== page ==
The most surprising element of competing thus far has been the sheer terror of getting up in front of judges and an audience and demonstrating my practice. What if I fall? What will they think? Am I deep enough? Am I still enough? Some postures can be challenging enough even when no one is watching. Add a room full of strangers and judges critiquing your every breath... you get the picture.
So, to put it lightly, I was nervous when I got up on stage. I knew I would be. The challenge for me was not to remove or even diminish the nerves. The challenge was to get on stage and do my best anyway. Stand, fall, tight, sweaty, terrified - no matter what I was going to give it a shot.
I don't deny that there are confusing and negative aspects to yoga competition. I try to focus on the positives and the benefits and not get wrapped up in the weirdness and negativity. I try to avoid letting it turn into a ego contest or an "I win, you lose" situation. I stay focused on the improvement to myself and my practice, and the tackling of my fears.
Yesterday, Ida and I competed in USA Yoga's Midwest Regional Asana Championship. It was a long road to get to the competition, both mentally and physically. I wrote about it a little bit back in November and also last year when we were considering competition but decided against it.
Last week, in the days preceding the competition, both Ida and I had significant cases of nerves. Always feeling tired and ornery, strange appetites and falling a lot while practicing our postures. It was frustrating and terrifying; I fell out of Standing Head to Knee more times than I care to admit. As competition day approached, we prepared ourselves for the worst. We would be happy if we survived our routines without toppling over.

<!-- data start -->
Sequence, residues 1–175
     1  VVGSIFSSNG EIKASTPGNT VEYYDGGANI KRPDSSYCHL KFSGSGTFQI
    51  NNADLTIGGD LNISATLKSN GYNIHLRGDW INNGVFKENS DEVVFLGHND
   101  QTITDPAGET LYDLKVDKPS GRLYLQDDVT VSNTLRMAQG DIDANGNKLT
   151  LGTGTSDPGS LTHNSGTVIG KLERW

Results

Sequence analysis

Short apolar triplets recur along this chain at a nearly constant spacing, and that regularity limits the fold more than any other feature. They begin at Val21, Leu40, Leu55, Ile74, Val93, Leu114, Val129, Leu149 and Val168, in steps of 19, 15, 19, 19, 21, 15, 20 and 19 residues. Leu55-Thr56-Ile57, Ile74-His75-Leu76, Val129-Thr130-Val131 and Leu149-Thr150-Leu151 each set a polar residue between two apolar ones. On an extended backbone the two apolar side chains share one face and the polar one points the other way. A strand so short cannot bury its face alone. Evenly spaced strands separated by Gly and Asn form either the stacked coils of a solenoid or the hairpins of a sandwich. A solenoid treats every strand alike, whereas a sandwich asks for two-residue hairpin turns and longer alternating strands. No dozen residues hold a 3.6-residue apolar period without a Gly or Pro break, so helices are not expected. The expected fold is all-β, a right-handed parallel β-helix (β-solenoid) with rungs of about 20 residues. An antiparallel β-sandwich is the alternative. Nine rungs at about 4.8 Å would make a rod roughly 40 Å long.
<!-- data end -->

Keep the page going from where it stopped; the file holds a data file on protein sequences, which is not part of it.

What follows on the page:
Come competition day, we were confronted with the new challenge of warming up our bodies and staying warm without overdoing it and compromising strength, especially being worried about balance as we were. Luckily we were both near the top of the competing order, so we didn't have too long to wait.
There were competitors from a handful of midwestern states, and everyone was proudly wearing shirts from their home city and yoga studio. In the Bikram world it sometimes seems like everyone knows everyone else.
Standing "on deck" waiting as the next competitor up was among the most stressful moments of my life. My heart was racing, my breath short, my mind going crazy. I tried to stand perfectly still and take deep, slow breaths. It helped a little, but only a little.
Perhaps the adrenaline helped us focus, because I didn't fall and neither did Ida. We both did our postures about as well as we could have expected to. I was a little wobbly in Fingerstand, and Ida was a bit wobbly in Lifting Lotus, but all in all we made it through unscathed.
At the end of the day we were both Wisconsin champs and, more importantly, we were invited to the national competition. Exciting and terrifying! So last night after all the day's events we discussed how to improve our postures and routines and even practiced a little bit.
I will post photos and video in a day or two once I have it all together.
My interest has been renewed in studying the ancient texts of yoga. In addition to the Yoga Sutras there are texts like the Hatha Yoga Pradipika, the Jogapradipika, the Bhagavad Gita, expositions by various masters like Vashista, Matsyendra and Gheranda. Plus thousands or tens of thousands of other shastras written anonymously.
I ask myself, "do I know more than these yogis?" If I disagree with something they have written, do I have the authority to disregard it and do my own thing? Why would I take their advice in some aspects but not in others?
Like many other modern yogis, I have instincts and opinions about what is "right" in yoga and what is "best." Not to mention the powerful pull of capitalism that seems destined to drag yoga into the world of physical fitness. Who am I to say what yoga is or is not? Especially when there is documentation from yogis far greater than me.